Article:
The National Safety Council now advocates the installation and proper use of lap-shoulder belts on new school buses.

The National Safety Council now advocates the installation and proper use of lap-shoulder belts on new school buses.

ITASCA, Ill. — The National Safety Council (NSC) last week issued a series of child safety-related recommendations that includes an endorsement of lap-shoulder belts on school buses.

NSC, which is a nonprofit organization with the goal of preventing injuries and deaths, described its new position statement as a call for “uniform child passenger safety practices across multiple modes of transportation, including school buses, airplanes, and personal vehicles.”

"Our patchwork system of laws, regulations, and standards means the safety of our most vulnerable travelers can slip through the cracks," said Deborah A.P. Hersman, NSC president and CEO. "It is time for consistent policies to ensure children arrive safely, regardless of the mode of transportation or the jurisdiction they travel through."

Among its recommendations, NSC advocates the installation and proper use of three-point, lap-shoulder belts on new school buses, along with proper restraints for children with special needs. The council said that while school buses are the safest way to transport children to and from school, “seat belts add an extra layer of protection, particularly in rollover and side-impact crashes.”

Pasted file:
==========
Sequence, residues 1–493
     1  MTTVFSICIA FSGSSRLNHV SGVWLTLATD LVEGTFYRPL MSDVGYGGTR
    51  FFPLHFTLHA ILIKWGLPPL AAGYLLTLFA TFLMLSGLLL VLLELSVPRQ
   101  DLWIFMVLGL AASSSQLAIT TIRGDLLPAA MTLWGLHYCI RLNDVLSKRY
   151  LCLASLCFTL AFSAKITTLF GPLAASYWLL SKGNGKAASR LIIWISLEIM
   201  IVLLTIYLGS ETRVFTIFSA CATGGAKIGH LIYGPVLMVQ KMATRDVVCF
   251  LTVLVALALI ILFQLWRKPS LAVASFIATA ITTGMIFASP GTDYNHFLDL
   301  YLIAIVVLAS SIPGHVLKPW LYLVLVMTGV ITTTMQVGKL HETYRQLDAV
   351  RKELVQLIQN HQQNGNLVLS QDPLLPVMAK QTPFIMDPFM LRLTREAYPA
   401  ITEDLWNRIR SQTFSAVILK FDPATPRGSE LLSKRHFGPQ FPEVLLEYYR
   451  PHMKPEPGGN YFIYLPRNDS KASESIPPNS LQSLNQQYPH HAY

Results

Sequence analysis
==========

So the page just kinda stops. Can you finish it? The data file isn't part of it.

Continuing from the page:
With its new position on school bus seat belts, NSC aligns itself with statements by the National Highway Traffic Safety Administration in 2015 and the National Transportation Safety Board (NTSB) in 2013. Before joining NSC in 2014, Hersman served as chairman of NTSB.

NSC’s new position statement also includes a call for children ages 2 and younger who travel in airplanes to be properly restrained in their own seat using a Federal Aviation Administration-approved child restraint device. The council also encourages ambulances, police vehicles, and recreational vehicles to accommodate the needs of child passengers whenever possible.

For more details on the NSC recommendations, see the position statement here.

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